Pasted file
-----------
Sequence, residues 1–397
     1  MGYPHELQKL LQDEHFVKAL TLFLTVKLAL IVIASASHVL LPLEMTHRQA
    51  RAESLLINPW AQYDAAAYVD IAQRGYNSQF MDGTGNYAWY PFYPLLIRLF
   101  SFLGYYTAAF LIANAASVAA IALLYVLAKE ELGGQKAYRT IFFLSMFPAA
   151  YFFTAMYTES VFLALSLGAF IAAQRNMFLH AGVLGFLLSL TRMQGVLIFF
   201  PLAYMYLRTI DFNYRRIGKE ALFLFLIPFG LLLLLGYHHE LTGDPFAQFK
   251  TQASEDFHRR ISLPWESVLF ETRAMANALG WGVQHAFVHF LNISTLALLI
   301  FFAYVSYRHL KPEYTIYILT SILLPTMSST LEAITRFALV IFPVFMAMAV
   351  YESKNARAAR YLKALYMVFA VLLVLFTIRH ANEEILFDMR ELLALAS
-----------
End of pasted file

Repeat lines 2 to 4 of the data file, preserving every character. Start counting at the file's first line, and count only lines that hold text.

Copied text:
     1  MGYPHELQKL LQDEHFVKAL TLFLTVKLAL IVIASASHVL LPLEMTHRQA
    51  RAESLLINPW AQYDAAAYVD IAQRGYNSQF MDGTGNYAWY PFYPLLIRLF
   101  SFLGYYTAAF LIANAASVAA IALLYVLAKE ELGGQKAYRT IFFLSMFPAA